Quiddity is Moving!

The CiRCE Institute has a beautiful new website and Quiddity is part of it. Please click HERE to visit the blog and please update your links to Quiddity for the convenience of our mutual visitors. Thank you!

We hope that this new website (created with help from the fine folks at Blackwood Media Group) will enable us to more effectively provide you with information, inspiration, and insight that will, in turn, enable you to direct your students towards the True, The Good, and The Beautiful.

Of course, we’re still getting acclimated to our new digs and ironing out a few details. If you see any problems (like links that are dead, for example) please don’t hesitate to email us. If you are confused about the layout of this new site, or miss something about the old one, or if you are having a difficult time finding something, let us know and we will do our best to get it sorted out for you.

A few things you will notice:

1. Our blog is now incorporated into the layout the main website. Now all of our posts will be right here in the website, easily accessible, and clearly labeled and linked. As time goes on you will find that we will be publishing primarily four kinds of posts: our usual, daily posts, made up of less formal musings, quotations, videos, etc; profiles, which will introduce and detail the work of other organizations and groups who are doing great things in the world of classical and Christian education; features, which will be formal featured articles by guest writers; and book reviews (presented with help from ISI and Eighth Day Books).

2. You will notice that our store is still visually a part of the old site. This will be the case for a while until we get it moved over too. No worries – it still operates as it always did.

3. Please note the Nota Bene space on the right of the homepage. Here you will find links to the most recent news and blog posts. As soon as something is posted in one of those two sections it’s linked in this section – so check back daily to stay up to date.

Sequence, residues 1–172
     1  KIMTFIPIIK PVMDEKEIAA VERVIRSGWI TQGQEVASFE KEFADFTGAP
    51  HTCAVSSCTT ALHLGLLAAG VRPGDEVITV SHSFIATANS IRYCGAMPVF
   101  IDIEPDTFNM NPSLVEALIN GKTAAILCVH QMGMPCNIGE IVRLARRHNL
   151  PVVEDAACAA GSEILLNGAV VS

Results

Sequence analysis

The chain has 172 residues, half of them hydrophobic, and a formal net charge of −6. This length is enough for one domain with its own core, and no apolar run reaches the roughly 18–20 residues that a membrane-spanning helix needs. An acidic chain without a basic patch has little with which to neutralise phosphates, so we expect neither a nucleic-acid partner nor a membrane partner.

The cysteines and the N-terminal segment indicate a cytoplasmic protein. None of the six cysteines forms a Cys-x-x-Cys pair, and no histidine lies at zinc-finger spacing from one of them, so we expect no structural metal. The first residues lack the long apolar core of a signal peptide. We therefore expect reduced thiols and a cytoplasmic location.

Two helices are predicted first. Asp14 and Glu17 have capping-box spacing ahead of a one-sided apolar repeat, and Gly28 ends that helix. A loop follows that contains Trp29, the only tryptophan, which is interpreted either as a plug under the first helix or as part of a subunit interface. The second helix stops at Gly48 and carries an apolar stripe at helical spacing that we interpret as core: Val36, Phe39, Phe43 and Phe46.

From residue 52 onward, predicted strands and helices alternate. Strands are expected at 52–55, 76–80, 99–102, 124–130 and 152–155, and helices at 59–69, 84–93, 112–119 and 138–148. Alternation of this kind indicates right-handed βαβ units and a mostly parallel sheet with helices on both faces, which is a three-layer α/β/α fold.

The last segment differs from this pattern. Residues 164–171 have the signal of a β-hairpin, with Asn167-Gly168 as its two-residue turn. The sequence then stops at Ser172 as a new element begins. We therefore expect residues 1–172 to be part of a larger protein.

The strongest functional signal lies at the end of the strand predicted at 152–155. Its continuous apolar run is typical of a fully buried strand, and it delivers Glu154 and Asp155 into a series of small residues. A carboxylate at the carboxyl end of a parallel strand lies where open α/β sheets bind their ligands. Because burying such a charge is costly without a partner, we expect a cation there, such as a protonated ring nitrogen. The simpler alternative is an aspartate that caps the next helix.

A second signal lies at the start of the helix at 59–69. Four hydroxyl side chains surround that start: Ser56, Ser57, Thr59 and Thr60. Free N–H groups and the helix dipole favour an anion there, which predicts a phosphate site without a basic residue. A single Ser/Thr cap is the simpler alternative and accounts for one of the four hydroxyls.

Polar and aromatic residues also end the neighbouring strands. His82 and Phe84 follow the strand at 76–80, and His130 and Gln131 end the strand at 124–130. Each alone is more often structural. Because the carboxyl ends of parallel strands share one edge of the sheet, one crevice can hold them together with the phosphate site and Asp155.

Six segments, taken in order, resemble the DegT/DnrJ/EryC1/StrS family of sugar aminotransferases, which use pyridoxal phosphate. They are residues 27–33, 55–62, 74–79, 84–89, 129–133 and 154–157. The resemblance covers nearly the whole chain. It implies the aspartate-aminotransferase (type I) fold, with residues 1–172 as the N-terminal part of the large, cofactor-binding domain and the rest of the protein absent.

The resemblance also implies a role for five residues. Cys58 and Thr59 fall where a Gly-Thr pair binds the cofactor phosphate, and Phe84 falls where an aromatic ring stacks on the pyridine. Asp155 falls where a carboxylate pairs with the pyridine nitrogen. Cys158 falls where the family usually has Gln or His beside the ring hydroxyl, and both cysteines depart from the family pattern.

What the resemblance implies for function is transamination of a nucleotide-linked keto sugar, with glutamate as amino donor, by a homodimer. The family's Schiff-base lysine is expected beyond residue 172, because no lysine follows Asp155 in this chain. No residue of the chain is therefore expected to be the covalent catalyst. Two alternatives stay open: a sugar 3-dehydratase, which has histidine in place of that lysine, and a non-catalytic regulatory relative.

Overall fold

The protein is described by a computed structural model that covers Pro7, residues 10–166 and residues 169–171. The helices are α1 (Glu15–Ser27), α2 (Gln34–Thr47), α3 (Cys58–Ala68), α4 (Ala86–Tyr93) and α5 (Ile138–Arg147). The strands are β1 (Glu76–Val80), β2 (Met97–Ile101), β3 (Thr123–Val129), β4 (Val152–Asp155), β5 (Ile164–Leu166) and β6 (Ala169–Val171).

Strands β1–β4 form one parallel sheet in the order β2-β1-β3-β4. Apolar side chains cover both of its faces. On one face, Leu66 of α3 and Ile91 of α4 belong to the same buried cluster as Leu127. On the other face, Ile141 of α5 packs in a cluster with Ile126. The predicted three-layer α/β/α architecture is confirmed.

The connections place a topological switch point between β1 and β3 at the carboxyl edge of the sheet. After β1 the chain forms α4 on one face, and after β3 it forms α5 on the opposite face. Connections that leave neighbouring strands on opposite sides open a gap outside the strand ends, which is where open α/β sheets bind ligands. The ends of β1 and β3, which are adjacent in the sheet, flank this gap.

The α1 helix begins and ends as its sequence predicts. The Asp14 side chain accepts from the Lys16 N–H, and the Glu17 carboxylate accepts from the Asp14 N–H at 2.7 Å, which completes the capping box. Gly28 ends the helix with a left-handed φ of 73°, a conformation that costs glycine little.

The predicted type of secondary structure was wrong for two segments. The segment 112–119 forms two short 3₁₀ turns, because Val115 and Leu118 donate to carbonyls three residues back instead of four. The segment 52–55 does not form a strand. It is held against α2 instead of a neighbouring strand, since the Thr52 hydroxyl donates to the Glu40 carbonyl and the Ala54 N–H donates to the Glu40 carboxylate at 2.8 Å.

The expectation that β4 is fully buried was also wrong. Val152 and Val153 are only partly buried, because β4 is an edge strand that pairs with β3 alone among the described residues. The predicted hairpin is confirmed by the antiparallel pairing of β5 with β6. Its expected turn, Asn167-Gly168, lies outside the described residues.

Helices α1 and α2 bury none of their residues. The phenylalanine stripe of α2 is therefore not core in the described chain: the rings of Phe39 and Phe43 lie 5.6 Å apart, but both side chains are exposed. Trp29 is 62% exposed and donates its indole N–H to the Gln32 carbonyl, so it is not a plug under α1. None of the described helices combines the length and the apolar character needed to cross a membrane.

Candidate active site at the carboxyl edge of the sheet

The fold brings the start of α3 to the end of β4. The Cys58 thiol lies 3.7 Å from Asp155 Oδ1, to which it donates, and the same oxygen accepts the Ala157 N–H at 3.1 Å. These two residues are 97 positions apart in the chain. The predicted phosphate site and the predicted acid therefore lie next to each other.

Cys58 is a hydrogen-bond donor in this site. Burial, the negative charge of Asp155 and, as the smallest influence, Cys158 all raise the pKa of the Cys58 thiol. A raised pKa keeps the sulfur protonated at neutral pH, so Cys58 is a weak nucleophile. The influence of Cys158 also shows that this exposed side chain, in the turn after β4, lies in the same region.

4. Finally, if you scroll down to the bottom of the homepage, you will find a section titled “Your Feedback,”
made up the most recent comments from our readers. This is a great way to keep up with the ongoing conversations that are continually popping up and percolating around our blog.

If you’re a regular reader of Quiddity be sure to update your RSS feeds to the new blog, be sure to bookmark the new link, and please be sure to send us a note with any concerns you have about this transition.

Please note: we will continue to post here for a short time during the transition but will eventual post exclusively at the new website.

We hope that this new website leads to deeper conversation, more thorough exploration, and more passionate teaching. We hope that it operates as a tool, as an aid, for those of you dedicating your lives to the vision and mission of classical, Christian education.

We hope that it will allow us to seek first the Kingdom of God alongside you. As Aslan said in The Last Battle, let us go further up and further in!

The Lost Tools of Birthing

Between Geoffrey Chaucer, the author of The Canterbury Tales who died in 1400, and Edmund Spenser, who published The Sheapherd’s Calendar in 1576, you will scan your anthologies of English verse in vain for a renowned poet.
Why did English literature blossom in the 14th century only to enter an aesthetic dark age until Spenser? And why did the late 16th century, the Elizabethan age, experience a flowering that many students of English literature still consider a golden age? How did nearly 200 obscure years disappear in the radiance of Spencer, Sidney, Shakespeare, Marlowe, Donne, and so many great poets, writers, explorers, and scientists?
Grammar and rhetoric.
In 1540, King Henry VIII issued an Executive Order that every school throughout the realm should teach a uniform grammar. In the 1544 version, the following “letter to the reader” explains why he issued his history-altering decree:
“His majesty considering the great encumbrance and confusion of the young and tender wits, by reason of the diversity of grammar rules and teachings (for heretofore every master had his grammar, and every school diverse teachings, and changing of masters and schools did many times utterly dull and undo good wits) hath appointed certain learned men meet for such a purpose, to compile one brief, plain, and uniform grammar, which only (all others set apart) for the more speediness, and less trouble of young wits, his highness hath commanded all schoolmasters and teachers of grammar within this his realm, and other his dominions, to teach their scholars.”
Every English school child in Elizabethan England memorized this famous “Lily’s Grammar.” Even earlier, Dean Colet had re-founded St. Paul’s school in London, where he implemented a curriculum and text books written and assisted by his friend, Erasmus. By the time Shakespeare reached the Stratford Grammar School in 1571, the curriculum and methods of St. Paul’s had spread throughout England. Sister Miriam Joseph describes the manner of teaching:
“The method prescribed unremitting exercise in grammar, rhetoric, and logic. Grammar dominated the lower forms, logic and rhetoric the upper. In all forms the order was first to learn precepts, then to employ them as a tool of analysis in reading, and finally to use them as a guide in composition…. The boy must first be grounded in the topics of logic through Cicero’s Topica before he could properly understand the one hundred and thirty-two figures of speech defined and illustrated in Susenbrotus’ Epitome Troporum ac schematum et grammaticorum et rhetoricorum”